Healing by Touch
In a world where a large part of our interactions are becoming virtual, it's easy to 'lose touch' with out fellow humans. Despite the psychological consequences of this distance, we also, especially in the U.S., are suffering decreased physical health due to decreased touch.
Modern researchers are pushing us to get some form of touch every day. "We are a touch-deprived society," says Dr. Tiffany Field of University of Miami's Touch Research Institute . "It's important to get a daily dose of touch."
So, how can we heal our bodies and souls through touch?
The Science of Touch
Skin is our body's largest organ, and when its sensory receptors are stimulated, the feel-good hormone oxytocin is released, and the stress hormone, cortisol, is reduced.
Physical Benefits of Touch
It is commonly acknowledged that a decrease in stress hormones leads to overall improved health (see: How Stress Affects the Immune System), and that touch leads to reduced stress. Various research studies found that, when touched:
- The heart slows, food in the gastrointestinal tract is more readily absorbed, and serotonin is released into the bloodstream, resulting in a decrease pain and heightened alertness.
- Infants given 15 minutes of stimulation (voice, massage, and eye contact) twice a day, 5 days a week, for 4 weeks, gained more weight, grew longer, had increased head circumferences, and caught fewer illnesses, compared to babies who did not receive the extra stimulation.
- People of all ages report improved physical functioning, pain relief, an increased ability to cope with chronic pain, such as fibromyalgia, and better general health ratings.
- Nursing home residents suffering from dementia (like Alzheimer’s Disease) responded better to therapeutic touch than some medications.
- The body's natural killer cells are better equipped to fight off bacterial infections and even more serious threats.
Mental Benefits of Touch
In one study, researchers had students do a difficult math problem, then had them do it again after receiving a chair massage. After the massage, the students solved problems more quickly and more accurately, probably due to lower stress levels.
Even athletes who frequently touch with simple high fives and pats perform better in their sport than those who avoid physical contact.
Touch Improves Relationships
I know in my case, I stayed way too long with my emotionally abusive husband because he happened to give the best foot rubs ever. He has ADHD, so was content to be doing several things at once including rubbing my feet. I felt a distinct sense of withdrawal that lasted about two months when I finally left him. It was worse than quitting sugar or caffeine.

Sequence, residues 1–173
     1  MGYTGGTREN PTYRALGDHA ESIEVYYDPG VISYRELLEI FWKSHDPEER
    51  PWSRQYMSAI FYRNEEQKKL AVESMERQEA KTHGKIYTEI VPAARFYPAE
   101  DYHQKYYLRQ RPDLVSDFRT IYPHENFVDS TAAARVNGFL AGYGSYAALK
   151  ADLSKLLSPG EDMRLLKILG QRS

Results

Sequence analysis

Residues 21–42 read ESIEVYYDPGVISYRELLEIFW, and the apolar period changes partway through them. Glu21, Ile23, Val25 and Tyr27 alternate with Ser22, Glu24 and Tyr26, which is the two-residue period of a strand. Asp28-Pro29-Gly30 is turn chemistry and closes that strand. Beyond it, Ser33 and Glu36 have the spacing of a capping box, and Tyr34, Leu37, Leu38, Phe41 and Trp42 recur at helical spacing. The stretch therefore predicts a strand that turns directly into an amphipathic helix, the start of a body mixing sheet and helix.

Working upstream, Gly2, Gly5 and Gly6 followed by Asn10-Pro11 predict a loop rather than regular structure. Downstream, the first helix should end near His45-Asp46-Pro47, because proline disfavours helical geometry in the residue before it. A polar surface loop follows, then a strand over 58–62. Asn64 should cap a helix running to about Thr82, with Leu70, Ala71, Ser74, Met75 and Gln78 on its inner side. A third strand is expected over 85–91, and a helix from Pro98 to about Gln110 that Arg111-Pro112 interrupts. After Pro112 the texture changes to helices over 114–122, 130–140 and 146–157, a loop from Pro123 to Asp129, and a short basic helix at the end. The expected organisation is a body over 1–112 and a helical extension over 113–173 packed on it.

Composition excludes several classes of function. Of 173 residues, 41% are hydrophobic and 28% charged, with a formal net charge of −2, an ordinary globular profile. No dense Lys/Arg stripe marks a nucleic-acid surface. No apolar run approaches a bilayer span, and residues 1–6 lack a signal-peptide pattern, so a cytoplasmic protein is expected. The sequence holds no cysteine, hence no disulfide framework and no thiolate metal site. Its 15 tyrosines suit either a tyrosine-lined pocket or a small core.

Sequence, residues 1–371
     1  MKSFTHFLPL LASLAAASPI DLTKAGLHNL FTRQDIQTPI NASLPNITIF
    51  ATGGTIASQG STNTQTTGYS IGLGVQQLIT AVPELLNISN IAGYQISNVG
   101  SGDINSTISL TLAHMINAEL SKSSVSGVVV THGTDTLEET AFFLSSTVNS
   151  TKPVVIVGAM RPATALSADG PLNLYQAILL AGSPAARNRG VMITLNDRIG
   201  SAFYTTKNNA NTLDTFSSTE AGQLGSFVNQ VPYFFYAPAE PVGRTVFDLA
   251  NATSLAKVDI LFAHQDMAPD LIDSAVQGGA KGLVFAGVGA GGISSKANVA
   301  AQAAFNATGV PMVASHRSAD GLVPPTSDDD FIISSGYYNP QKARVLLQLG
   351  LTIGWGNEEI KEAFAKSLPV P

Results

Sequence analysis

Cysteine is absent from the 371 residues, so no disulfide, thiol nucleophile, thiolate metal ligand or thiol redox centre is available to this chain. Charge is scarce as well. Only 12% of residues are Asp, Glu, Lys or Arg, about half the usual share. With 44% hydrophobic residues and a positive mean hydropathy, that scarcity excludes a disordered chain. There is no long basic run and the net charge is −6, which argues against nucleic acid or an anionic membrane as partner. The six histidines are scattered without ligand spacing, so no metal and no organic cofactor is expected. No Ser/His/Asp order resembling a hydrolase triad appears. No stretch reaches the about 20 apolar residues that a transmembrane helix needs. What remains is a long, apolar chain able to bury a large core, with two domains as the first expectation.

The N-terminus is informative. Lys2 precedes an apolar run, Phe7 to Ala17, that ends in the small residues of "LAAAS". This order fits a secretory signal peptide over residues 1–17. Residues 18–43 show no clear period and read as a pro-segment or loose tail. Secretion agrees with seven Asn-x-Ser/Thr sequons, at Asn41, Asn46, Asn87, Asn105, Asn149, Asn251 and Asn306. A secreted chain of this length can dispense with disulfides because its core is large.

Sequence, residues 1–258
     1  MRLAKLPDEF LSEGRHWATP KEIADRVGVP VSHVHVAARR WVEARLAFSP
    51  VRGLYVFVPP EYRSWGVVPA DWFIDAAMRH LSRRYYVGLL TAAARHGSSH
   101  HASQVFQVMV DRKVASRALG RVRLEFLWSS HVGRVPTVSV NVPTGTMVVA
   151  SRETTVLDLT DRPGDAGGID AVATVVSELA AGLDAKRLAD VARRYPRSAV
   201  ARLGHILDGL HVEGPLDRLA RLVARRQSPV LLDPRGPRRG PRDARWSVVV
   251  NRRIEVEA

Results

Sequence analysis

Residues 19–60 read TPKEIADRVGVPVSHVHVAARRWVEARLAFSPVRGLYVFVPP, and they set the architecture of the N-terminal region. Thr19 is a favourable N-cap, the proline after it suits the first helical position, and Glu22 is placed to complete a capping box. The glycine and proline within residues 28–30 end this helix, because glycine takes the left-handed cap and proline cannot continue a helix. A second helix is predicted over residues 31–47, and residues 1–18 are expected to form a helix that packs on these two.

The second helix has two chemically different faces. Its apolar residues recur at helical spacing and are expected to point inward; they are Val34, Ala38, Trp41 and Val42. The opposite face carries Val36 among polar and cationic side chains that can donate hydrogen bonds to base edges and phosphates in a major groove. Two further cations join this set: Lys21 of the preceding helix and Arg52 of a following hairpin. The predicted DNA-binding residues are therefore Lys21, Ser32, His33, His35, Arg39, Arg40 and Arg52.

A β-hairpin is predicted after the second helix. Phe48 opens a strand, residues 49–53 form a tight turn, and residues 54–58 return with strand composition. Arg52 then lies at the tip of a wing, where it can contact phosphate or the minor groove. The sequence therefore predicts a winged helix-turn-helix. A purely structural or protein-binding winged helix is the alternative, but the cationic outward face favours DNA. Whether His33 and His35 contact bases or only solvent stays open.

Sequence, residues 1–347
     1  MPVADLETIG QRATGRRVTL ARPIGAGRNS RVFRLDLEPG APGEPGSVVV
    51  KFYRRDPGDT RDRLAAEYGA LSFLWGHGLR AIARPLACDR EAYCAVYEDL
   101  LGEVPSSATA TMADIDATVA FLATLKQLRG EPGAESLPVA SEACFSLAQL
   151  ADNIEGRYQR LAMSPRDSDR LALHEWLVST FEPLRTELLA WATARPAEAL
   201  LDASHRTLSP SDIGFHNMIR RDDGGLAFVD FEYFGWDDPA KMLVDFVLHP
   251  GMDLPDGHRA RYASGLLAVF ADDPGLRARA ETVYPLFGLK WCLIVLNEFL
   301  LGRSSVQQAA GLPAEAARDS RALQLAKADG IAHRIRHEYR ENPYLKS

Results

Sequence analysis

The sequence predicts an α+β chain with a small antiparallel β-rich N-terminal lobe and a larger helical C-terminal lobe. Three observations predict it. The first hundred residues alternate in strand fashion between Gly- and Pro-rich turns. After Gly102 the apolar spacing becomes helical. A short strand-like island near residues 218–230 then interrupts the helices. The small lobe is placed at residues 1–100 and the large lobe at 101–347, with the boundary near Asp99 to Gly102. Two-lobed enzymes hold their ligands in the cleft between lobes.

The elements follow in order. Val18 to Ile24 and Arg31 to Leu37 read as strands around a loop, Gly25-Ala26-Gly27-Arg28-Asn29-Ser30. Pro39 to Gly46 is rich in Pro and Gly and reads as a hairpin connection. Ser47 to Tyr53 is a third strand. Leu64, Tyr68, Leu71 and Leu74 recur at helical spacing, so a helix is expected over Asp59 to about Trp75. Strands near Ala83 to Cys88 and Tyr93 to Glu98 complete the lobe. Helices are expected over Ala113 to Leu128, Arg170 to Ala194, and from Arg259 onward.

So, too, in healthy relationships, touch improves the bond between couples, parents and babies, and friends.
One researcher noted that one of the key places we can use touch is in our families, yet a lot of fathers are reluctant to hug their sons for fear of how they will be perceived. However, touch may mean more to men than they care to admit: A 2011 study revealed that for men between the ages of 40 and 70, more important than sex, the more men hugged and kissed their partner, the happier they considered their relationships.
It has also been found that after a brief episode of warm contact, the perception of greater partner support was correlated with higher oxytocin levels and lower norepinephrine levels, resulting in lowered blood pressure.
How to Incorporate More Touch in Your Life
Being a single person with few appropriate opportunities for touch, I've become a hugger. Whenever my extended family members get together or I meet with a friend, I take full advantage. It's as simple as, "It's so good to see you!" Insert big hug.
Other opportunities for touch:
- Massage therapy: More and more insurance companies are realizing the cost benefit of the healing touch, many times reducing the need for pain or anxiety medication.
- Pets: Pet owners have reported reduced depression, less stress, improved exercise habits, lower blood pressure and cholesterol levels, and reduced feelings of loneliness
- Shampoo at a salon
- A church that believes in healing through 'laying on of hands'
- Shake hands of new people you meet
In addition, a single person's need for touch can be satisfied in these ways:
- Massage your own arms, legs, hands.
- Use a brush or loofah in the shower.
- Lean against a wall with a tennis ball between your shoulder blades and slowly roll it up and down your back.
- Exercise can serve as massage.
- Try self-soothing techniques, like cradling your own face or lovingly stroking your cheek.
Tactile satisfaction can also be found by stimulation such as:
- holding a warm mug of tea, coffee, or soup
- donning a warm bathrobe
One of the nation’s largest teaching hospitals is conducting research studies on the potential benefits of Healing Touch for cancer patients.
Michelangelo got it right when he said, "To touch can be to give life."